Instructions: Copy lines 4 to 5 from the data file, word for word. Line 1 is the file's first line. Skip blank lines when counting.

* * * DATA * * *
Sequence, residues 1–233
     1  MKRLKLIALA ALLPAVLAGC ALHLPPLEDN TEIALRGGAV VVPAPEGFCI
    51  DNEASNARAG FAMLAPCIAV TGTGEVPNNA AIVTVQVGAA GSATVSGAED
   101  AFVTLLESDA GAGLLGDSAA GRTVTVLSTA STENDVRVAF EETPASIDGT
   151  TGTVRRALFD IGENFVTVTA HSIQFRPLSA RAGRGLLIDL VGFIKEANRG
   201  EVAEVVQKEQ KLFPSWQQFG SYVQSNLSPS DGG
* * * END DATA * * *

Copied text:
   101  AFVTLLESDA GAGLLGDSAA GRTVTVLSTA STENDVRVAF EETPASIDGT
   151  TGTVRRALFD IGENFVTVTA HSIQFRPLSA RAGRGLLIDL VGFIKEANRG